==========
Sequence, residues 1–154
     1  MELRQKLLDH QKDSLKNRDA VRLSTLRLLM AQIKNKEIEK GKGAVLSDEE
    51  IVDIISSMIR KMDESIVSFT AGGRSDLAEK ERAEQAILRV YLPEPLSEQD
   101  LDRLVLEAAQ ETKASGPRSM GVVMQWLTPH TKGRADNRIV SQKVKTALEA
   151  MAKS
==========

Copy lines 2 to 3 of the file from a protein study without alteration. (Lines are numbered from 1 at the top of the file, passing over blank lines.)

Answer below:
     1  MELRQKLLDH QKDSLKNRDA VRLSTLRLLM AQIKNKEIEK GKGAVLSDEE
    51  IVDIISSMIR KMDESIVSFT AGGRSDLAEK ERAEQAILRV YLPEPLSEQD